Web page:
1. Limited time only! Sign up for a free 30min personal tutor trial with Chegg Tutors
    Dismiss Notice
Dismiss Notice
Join Physics Forums Today!
The friendliest, high quality science and math community on the planet! Everyone who loves science is here!

Radiation emitted by an accelerated charge

  1. Dec 30, 2009 #1
    I would need to know what is the state of the art about the study of the radiation emitted by an accelerated charge. According to classical EM theory, does a uniformly accelerated charge emit radiation? Or is the radiation proportional to the 3rd time derivative of position (so that a non-uniformly accelerated charge radiates..). When a charged body radiates (= loses energy) how can one observe the energy loss of the body? Is it still an open point in today's physics or has it been sorted out?
    Thanks
    Menachem
     
  2. jcsd
  3. Dec 30, 2009 #2
    No I don't think so - Bremstrahhlung radiation (is that what you are refering to?) is given off when electrons deflect off charged particles - if there is deflection, the acceleration isn't uniform.

    One can measure the energy loss by using a scintillation counter (I think that's what you call it).
     
  4. Dec 30, 2009 #3
    Uniformly accelerating charges do emit radiation*. The acceleration can be either parallel to, or perpendicular to, the direction of motion of the charge. Are you interested in accelerating charges (currents) in wires, like an antenna, or accelerating charges in a vacuum like in an x-ray tube?
    Bob S

    *See Panofsky and Phillips, "Classical Electricity and Magnetism", Addison Wesley, page 302, Eq 19.22
     
    Last edited: Dec 30, 2009
  5. Dec 30, 2009 #4
    thanx for your quick replies!
    I don't know about x-ray tubes, but in antennas charges are not uniformly accelerating (they are subjected to a sinusoidal electric field).
    Excuse my naivetè but i'll try to make an example: if I have an electrically charged iron ball (so a macrscopic charged body, which should act according to classical EM theory) and I drop it from the top of a tower, does it radiate?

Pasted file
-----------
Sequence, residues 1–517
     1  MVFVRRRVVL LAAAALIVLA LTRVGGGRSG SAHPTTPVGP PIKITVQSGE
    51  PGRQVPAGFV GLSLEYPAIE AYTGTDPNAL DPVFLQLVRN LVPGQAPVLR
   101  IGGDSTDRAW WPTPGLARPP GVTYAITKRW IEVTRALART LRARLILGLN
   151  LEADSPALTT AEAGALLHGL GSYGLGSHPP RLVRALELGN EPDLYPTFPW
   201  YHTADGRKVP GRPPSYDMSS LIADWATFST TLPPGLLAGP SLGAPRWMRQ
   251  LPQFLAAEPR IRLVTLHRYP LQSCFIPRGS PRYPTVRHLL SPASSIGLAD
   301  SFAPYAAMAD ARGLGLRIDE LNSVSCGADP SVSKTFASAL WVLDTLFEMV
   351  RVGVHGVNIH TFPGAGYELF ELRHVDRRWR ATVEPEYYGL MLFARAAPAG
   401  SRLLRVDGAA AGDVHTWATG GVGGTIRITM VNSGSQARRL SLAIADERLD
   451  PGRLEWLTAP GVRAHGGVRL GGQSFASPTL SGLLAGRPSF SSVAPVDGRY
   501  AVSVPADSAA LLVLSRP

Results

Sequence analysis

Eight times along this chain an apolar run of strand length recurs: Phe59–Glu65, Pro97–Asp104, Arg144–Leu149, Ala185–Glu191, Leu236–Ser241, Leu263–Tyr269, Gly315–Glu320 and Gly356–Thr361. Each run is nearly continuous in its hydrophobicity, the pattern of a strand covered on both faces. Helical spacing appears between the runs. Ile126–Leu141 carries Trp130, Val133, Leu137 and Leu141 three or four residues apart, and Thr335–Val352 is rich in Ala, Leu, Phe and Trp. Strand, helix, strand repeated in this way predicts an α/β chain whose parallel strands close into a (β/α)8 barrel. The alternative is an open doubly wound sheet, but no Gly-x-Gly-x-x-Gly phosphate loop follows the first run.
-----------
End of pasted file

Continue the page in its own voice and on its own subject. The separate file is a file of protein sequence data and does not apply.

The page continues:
(as soon as possible I'll try to have a look at the reference you Bob point me at)
    Thanks
    Menachem
     
  6. Dec 30, 2009 #5
    Yes it would, although the amount of energy would be miniscule. This link might be useful:

    http://hyperphysics.phy-astr.gsu.edu/HBASE/Particles/synchrotron.html
     
  7. Dec 30, 2009 #6
    Yes. According to Panofsky and Phillips "Classical Electricity and Magnetism" Eq 19.22, the radiated power for a uniformly accelerating charge parallel to its velocity is proportional to

    -dW/dt = ~[du/dt]2 where u is velocity
    This link is for acceleration perpendicular to velocity (synchrotron radiation).

    Bob S
     
    Last edited: Dec 30, 2009
  8. Dec 31, 2009 #7
    ok thank u guys.. things are getting clearer in my mind.
    The link provided by vertices is actually about a uniformly accelerating charge (what I was looking for), and the formula provided there agrees with the proportion given by Bob: -dW/dt = ~[du/dt]2 (the minus sign is negligible here, being due to a convention). The first formula given in this link is presented as valid for any accelerated charge. I would like to know if this is a "unifying formula" that works for (uniformly and not uniformly) accelerated charges, and not only and not only acceleration perpendicular to velocity. And secondly again I'd like to know what kind of energy loss happens in an accelerating charged macroscopic body that radiates? Is it energy loss of electrons going from a higher-energy to a lower-energy level?
    Thanks
    Menachem
     
  9. Dec 31, 2009 #8
    there is no change of electron state!!! but electron losses may be due to poor vacuum, losses due to electrons hitting the wall, and so on..usually in synchrotron additional external electric field (in the for of radio freq.) is supplied for keep the electrons running permanently..
     
Share this great discussion with others via Reddit, Google+, Twitter, or Facebook